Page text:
As Californians worry that their state might be next, officials are reassuring them that the specific combination of earthquake, tsunami, and nuclear crisis that hit Japan is very unlikely there. Though one of the state’s two nuclear power plants was only built to withstand a 7.0 quake and the other a 7.5, experts believe the highest possible quake at nearby faultlines would be in the low 7s, not the 8.9 that occurred in Japan, the Los Angeles Times reports.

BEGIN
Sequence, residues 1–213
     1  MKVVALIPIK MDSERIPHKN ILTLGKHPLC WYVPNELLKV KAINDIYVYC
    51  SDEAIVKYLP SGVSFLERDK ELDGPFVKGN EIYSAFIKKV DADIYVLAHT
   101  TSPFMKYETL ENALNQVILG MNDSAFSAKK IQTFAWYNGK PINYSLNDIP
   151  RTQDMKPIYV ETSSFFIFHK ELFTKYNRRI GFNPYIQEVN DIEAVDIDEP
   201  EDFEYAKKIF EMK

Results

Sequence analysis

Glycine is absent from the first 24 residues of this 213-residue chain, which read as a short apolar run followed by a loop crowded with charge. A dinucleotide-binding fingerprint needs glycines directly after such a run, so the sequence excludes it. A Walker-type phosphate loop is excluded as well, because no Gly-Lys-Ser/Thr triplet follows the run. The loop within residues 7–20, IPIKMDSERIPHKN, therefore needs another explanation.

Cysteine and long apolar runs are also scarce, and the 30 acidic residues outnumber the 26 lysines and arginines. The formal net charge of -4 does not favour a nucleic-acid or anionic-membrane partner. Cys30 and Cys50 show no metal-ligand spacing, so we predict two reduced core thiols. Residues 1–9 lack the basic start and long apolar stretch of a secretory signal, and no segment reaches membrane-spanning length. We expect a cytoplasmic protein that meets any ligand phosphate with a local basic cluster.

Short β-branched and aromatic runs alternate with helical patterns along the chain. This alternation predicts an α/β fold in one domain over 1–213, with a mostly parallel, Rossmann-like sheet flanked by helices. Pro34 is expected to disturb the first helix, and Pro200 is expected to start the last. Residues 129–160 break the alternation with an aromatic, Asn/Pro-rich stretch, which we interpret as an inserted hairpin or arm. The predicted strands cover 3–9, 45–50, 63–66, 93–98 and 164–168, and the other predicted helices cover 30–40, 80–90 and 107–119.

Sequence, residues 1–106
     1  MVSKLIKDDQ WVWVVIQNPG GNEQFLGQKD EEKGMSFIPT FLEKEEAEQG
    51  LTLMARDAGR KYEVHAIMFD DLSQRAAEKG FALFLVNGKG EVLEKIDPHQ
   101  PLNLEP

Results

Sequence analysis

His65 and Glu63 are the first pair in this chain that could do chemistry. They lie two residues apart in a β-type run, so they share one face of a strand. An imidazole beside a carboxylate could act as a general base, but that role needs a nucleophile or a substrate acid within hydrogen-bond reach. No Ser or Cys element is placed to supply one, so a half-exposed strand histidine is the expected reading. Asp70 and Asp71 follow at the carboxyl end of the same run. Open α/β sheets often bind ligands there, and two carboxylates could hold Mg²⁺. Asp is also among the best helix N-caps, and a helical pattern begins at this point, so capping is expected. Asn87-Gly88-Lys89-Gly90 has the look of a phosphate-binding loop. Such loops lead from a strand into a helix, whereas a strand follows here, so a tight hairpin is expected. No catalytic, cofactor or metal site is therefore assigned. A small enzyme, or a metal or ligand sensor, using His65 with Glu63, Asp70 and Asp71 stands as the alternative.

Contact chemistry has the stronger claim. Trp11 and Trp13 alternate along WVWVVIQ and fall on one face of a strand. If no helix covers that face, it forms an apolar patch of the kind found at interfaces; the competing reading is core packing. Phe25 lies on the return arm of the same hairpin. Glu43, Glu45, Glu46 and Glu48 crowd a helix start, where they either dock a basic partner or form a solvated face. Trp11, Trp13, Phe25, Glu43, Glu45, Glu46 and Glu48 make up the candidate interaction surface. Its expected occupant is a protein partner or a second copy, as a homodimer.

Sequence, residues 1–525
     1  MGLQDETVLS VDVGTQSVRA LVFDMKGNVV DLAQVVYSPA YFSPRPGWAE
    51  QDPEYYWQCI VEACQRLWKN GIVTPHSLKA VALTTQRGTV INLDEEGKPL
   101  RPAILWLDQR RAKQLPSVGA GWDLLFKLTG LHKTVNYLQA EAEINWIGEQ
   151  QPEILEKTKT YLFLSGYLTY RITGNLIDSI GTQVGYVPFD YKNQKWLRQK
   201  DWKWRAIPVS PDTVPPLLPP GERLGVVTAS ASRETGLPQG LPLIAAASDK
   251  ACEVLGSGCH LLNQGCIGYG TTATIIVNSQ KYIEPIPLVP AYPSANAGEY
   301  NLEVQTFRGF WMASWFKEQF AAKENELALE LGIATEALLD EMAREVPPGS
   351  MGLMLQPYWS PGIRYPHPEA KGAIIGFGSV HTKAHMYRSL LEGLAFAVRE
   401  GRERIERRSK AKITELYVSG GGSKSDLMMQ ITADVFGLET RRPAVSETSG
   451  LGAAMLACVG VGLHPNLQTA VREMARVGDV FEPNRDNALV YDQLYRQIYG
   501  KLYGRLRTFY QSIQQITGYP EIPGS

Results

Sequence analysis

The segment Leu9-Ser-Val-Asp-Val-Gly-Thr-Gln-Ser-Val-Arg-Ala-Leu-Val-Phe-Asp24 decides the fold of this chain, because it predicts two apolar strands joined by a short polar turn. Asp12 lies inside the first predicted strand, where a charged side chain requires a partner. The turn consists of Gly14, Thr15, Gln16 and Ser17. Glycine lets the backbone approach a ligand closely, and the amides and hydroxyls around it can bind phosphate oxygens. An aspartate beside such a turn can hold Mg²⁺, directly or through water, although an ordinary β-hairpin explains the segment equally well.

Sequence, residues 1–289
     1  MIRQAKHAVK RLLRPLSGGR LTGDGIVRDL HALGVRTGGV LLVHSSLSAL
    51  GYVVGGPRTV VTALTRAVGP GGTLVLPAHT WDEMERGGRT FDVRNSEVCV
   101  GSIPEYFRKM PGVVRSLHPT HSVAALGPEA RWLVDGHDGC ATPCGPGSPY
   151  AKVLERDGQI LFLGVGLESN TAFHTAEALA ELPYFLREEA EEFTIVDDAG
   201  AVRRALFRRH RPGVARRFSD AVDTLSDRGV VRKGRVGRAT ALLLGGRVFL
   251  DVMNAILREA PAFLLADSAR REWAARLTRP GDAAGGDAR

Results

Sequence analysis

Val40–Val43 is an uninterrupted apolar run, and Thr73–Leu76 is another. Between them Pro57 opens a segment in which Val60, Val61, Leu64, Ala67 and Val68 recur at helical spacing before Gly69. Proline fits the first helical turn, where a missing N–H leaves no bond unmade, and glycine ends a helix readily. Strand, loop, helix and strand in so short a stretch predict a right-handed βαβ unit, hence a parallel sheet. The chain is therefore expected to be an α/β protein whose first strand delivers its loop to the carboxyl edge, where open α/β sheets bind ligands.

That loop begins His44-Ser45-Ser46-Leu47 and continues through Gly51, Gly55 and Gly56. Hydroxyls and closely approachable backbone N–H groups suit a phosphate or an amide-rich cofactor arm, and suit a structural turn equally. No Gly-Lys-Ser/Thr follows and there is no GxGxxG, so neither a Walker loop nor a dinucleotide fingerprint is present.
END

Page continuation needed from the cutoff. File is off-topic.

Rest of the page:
Additionally, because there is no offshore subduction zone (an area where one plate slides under a second), a tsunami as large as the one that hit Japan is also unlikely. Even if a smaller tsunami hits, the Diablo Canyon plant is 85 feet above sea level on a bluff, and the San Onofre plant is protected by a 30-foot-high “tsunami wall.” Both plants have advanced cooling systems that can run even if power is lost. And, says a Southern California Edison rep, "We will comb through the details of [Japan’s] emergency very carefully and whatever lessons can and should be applied here will be noted.” (Read more earthquake stories.)